Basic Concepts of Hemodialysis Access
Hemodialysis is the lifeline by which the patient with end-stage renal disease eliminates excess fluid and decreases the level of various undesirable substances in the blood. The central circulation is accessed, and the blood is cleansed by diffusion across a semipermeable membrane, termed the dialyzer. Direct access to the circulation is accomplished by an AVF, a graft, or a central venous dialysis catheter. A native AVF is a surgically created, direct anastomosis between an artery and a vein, placed in either the forearm or upper arm. When AVF creation is not possible, an artificial graft consisting of polytetrafluoroethylene (PTFE) or other material may be tunneled in the superficial soft tissues of the forearm, upper arm, or upper thigh, with surgically created arterial and venous anastomoses.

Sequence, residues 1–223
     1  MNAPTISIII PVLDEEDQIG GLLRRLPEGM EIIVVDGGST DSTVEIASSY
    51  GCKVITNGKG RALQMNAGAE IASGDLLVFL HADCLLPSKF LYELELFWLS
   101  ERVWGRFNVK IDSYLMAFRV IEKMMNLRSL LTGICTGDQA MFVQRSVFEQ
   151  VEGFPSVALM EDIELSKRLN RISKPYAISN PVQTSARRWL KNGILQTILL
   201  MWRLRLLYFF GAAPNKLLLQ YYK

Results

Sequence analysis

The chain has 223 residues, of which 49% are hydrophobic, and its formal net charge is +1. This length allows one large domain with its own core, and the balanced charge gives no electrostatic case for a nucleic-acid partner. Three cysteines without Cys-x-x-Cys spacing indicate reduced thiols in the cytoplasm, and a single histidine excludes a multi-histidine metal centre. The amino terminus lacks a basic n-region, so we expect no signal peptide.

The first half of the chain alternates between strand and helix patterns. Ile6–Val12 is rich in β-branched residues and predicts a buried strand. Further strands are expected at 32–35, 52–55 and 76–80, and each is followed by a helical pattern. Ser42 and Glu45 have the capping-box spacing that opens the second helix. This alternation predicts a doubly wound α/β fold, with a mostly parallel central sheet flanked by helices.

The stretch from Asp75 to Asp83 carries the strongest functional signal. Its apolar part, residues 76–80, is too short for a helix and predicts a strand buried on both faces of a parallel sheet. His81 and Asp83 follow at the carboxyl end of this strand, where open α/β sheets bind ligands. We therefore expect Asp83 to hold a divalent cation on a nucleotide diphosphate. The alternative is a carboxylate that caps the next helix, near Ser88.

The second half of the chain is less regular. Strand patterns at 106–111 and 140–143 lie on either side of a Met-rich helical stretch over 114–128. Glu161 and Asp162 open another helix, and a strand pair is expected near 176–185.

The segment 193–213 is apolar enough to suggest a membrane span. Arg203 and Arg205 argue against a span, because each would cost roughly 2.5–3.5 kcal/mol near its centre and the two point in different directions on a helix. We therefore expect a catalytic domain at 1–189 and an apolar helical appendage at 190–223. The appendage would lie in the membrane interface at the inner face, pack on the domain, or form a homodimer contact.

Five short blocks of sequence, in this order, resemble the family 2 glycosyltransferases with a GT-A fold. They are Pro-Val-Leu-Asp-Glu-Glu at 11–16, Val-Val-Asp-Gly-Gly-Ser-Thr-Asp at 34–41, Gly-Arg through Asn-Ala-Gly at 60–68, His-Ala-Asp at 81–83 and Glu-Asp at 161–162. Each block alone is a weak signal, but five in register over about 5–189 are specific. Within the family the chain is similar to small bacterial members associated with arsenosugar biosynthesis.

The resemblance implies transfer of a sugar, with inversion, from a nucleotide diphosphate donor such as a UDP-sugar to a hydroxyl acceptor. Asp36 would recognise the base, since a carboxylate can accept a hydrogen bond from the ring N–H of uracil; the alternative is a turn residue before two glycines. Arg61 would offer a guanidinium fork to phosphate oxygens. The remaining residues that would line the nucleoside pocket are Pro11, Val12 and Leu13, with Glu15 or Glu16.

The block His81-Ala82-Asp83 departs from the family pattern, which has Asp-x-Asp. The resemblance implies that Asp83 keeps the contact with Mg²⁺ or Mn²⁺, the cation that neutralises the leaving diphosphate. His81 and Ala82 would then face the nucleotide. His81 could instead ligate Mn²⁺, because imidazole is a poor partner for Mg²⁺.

During hemodialysis, two 15-gauge needles are placed into the mature AVF or graft, with the more distal needle (pointing toward the artery) carrying blood from the patient to the dialyzer. The second needle is placed more proximally (closer to the venous outflow) in the AVF or graft and returns the blood to the patient’s circulation. The AVF and hemodialysis graft artery/vein configurations that are most commonly used are described in Table 14.1 and shown in Fig. 14.1 . Surgeons prefer to create a hemodialysis access in the nondominant arm because the activities of daily living can be carried out with the dominant arm while the nondominant arm is healing after surgical access placement. However, most will put an AVF in the dominant arm before a graft is considered. An AVF is placed first in the forearm, if the patient has suitable anatomy, and the upper arm is then saved for future potential dialysis access. Likewise, if an AVF cannot be placed, a forearm graft is preferred to placement of an upper arm graft. If no upper extremity graft options are available, a thigh graft is preferable to dialyzing with an indwelling venous catheter. A list of the preferred order of access placement is given in Table 14.2 . In general, an AVF or hemodialysis graft will provide higher dialysis flow rates than a tunneled catheter while having lower infection rates.
|Forearm cephalic vein||Radial||Cephalic|
|Forearm vein transposition||Radial||Ulnar, dorsal, or volar vein|